Clover Twig and the Magical Cottage
Kaye Umansky, author
Johanna Wright, illustrator
Roaring Book Press
Smithsonian Notable Book for Children
Bulletin Blue Ribbons 

I like Clover Twig–a lot. She’s my favorite sort of heroine: down to earth, brave, responsible, hard-working–but the type that still has amazing adventures. I like the British feel to her story, the delightful escapades she has with Wilf (a boy) whilst keeping house for a nice witch (Mrs. Eckles) in a magical cottage deep in the forest.

As all good fantasy should have, there is a definite “bad guy” in the form of Mrs. Eckles’ sister, Mezmeranza. Mezmeranza’s evil intentions are made somewhat humorous by her ridiculous vanity, her crazy management style, and her bumbling staff. Yet, she still manages to wreak havoc.

In addition, there is a terrific cat character (Neville), a vanishing/flying horse, several magical implements and tools (including a Poncho of Imperceptability because Cloaks of Invisibility are so “done”).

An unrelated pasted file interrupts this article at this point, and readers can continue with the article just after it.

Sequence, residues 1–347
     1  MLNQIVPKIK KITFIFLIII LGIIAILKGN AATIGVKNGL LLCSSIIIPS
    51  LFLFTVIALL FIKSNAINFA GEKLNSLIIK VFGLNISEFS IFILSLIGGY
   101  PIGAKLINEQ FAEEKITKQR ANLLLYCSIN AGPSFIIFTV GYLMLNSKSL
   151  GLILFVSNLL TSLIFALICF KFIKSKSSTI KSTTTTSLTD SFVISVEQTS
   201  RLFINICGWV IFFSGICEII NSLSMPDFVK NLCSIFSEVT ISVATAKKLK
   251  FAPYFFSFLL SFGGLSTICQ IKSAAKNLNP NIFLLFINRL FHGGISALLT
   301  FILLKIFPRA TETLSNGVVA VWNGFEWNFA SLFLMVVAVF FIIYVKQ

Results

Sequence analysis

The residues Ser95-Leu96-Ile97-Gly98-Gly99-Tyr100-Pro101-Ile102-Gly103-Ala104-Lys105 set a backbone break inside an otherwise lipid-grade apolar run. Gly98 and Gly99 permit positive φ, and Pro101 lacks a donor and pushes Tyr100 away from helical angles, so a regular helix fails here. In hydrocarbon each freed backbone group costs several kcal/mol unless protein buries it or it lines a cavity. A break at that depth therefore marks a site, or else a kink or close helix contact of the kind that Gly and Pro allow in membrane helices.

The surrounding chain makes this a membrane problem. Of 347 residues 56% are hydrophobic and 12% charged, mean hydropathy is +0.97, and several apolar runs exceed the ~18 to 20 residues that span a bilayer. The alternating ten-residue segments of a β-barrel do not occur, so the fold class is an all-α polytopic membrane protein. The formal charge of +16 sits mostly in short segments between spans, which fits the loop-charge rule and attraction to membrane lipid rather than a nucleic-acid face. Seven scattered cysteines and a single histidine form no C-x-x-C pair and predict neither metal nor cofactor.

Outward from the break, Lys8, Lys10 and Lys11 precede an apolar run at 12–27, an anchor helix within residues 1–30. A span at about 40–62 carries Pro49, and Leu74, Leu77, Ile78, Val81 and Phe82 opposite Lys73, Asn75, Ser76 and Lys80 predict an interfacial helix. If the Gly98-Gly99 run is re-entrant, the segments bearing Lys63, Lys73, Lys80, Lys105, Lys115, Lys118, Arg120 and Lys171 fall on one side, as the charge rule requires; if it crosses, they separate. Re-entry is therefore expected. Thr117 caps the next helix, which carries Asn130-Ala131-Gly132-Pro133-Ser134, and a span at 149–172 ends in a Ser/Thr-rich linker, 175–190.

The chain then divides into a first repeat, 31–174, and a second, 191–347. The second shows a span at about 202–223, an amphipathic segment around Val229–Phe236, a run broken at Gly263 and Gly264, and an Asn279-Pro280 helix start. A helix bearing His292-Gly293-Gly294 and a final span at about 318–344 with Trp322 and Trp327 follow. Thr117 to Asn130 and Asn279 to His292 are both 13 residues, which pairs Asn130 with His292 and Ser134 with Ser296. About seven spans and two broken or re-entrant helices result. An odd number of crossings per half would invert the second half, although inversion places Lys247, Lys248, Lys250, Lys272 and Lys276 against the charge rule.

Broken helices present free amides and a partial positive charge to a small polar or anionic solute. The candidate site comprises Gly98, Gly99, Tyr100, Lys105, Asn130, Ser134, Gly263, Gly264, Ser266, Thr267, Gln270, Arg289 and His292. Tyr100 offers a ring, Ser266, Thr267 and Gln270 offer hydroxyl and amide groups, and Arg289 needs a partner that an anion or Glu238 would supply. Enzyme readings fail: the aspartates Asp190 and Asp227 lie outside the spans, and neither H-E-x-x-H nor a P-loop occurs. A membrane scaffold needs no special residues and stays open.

Charming and witty narration fill the book. What’s not to like?

My complaints with this book are relatively minor, but worth mentioning: the illustrations are a little “light” and whimsical for the book. In addition, there is some coarse language. It’s not profanity or vulgarity, per se…it just felt a little, well, coarse for a middle grades book. Admittedly, most middle schoolers in the U.S. who haven’t read as much British literature as I have will not pick up on this. Still, worth noting.

Truth/Story: This is a terrific example of a book that has nearly great Story, but is weak on the Truth elements. It’s a fun romp, but nothing too deep resides within the covers. Still, provided you read fantasy, there’s nothing overtly objectionable aside from the aforementioned language.

Cover image from goodreads; book checked out from local library

Recommended for upper elementary and up (although precocious readers could read it as early as third grade or so)